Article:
The Pill Turns 50--Who's Celebrating?

I wrote a blog post on Boundless about the 50th anniversary of the introduction of The Pill, and specifically, Dr. Albert Mohler's commentary about it. In "I Think I'll Skip the Party," I quoted Mohler's commentary. He said,

The idea that sex would be severed from childbearing is a very modern concept — and a concept made meaningful only by the development of the Pill and its successor birth control technologies. The severing of this relationship represents a quantum change in human life and relationships, not to mention morality.

Nancy Gibbs [in TIME magazine] is fair and accurate in her use of my words and arguments. I do indeed believe that the development of the Pill “has done more to reorder human life than any event since Adam and Eve ate the apple.” Why? Because sex, sexuality, and reproduction are so central to human life, to marriage, and to the future of humanity.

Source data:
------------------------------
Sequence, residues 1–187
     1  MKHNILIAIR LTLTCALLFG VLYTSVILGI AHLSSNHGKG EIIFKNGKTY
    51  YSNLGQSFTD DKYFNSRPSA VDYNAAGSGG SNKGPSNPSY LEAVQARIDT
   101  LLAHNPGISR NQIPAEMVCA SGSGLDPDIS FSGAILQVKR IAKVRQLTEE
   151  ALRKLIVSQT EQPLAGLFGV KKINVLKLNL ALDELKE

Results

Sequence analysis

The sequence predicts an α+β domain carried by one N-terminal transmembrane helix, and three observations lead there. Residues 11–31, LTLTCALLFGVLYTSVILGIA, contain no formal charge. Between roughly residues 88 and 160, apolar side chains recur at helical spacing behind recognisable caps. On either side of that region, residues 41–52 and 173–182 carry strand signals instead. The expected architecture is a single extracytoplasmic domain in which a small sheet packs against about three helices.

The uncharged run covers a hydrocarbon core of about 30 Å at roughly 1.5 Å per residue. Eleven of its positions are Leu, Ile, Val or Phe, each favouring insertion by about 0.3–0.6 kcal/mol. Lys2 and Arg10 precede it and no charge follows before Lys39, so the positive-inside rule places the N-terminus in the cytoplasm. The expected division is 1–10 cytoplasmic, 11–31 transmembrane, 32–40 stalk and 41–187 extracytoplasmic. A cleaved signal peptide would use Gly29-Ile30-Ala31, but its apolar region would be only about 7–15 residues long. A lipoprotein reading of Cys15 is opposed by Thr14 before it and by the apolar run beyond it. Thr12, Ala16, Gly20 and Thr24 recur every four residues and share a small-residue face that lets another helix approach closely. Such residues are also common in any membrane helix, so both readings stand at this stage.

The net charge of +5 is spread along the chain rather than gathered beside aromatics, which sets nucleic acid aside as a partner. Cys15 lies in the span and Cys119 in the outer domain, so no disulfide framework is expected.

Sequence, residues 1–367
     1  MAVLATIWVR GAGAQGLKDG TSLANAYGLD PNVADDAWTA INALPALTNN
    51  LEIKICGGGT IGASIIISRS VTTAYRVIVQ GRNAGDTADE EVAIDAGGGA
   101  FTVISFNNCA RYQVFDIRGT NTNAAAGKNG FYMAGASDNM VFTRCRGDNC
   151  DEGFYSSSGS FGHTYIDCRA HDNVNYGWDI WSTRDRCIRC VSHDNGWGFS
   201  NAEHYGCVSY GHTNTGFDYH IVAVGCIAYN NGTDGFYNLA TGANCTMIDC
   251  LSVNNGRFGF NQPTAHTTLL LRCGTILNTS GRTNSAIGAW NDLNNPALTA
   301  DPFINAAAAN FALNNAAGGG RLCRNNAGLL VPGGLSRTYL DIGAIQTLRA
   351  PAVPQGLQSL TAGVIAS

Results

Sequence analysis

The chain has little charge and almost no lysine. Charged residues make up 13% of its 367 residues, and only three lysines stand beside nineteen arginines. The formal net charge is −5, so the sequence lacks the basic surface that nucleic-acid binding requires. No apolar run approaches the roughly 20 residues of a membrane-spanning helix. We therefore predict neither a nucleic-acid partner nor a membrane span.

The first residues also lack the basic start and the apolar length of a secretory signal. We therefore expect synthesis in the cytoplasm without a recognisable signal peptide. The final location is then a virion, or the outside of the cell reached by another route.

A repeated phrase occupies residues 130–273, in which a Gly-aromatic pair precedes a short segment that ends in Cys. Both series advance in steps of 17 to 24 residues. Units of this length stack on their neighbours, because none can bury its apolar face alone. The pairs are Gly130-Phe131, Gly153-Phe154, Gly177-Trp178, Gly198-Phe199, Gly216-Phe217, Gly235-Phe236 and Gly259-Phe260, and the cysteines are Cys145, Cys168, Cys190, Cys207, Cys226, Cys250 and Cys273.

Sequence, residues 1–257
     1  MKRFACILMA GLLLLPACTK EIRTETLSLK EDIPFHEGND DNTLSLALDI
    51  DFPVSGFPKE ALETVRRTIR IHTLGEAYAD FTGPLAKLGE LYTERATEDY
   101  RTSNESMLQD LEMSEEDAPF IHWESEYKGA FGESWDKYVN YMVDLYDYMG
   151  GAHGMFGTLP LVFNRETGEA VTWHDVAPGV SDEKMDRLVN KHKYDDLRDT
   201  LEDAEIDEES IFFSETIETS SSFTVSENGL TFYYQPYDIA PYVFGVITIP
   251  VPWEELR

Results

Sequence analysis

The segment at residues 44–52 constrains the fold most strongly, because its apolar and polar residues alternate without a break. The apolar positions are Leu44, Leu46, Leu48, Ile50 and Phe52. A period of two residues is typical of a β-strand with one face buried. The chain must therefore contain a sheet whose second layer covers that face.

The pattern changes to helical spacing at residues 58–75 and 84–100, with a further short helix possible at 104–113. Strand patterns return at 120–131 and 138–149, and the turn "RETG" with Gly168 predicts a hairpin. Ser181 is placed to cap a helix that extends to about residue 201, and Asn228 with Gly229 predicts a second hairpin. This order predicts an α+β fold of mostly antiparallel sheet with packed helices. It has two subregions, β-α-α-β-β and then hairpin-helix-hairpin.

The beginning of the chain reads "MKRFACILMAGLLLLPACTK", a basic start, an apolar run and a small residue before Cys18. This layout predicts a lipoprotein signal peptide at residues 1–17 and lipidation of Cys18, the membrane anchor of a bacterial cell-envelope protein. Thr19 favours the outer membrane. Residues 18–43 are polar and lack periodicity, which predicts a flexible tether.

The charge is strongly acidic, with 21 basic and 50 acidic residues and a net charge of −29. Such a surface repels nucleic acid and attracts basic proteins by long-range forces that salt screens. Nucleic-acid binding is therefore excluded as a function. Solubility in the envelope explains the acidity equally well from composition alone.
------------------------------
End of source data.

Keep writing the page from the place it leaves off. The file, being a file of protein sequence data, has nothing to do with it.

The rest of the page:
The Pill turned pregnancy — and thus children — into elective choices, rather than natural gifts of the marital union. But then again, the marital union was itself weakened by the Pill, because the avoidance of pregnancy facilitated adultery and other forms of non-marital sex. In some hands, the Pill became a human pesticide.

The post, and his commentary, are stirring up a hearty debate — 155 comments and counting. If you're up for a good conversation, and especially if you have thoughts about the pros and cons of hormonal birth control, please join the discussion here.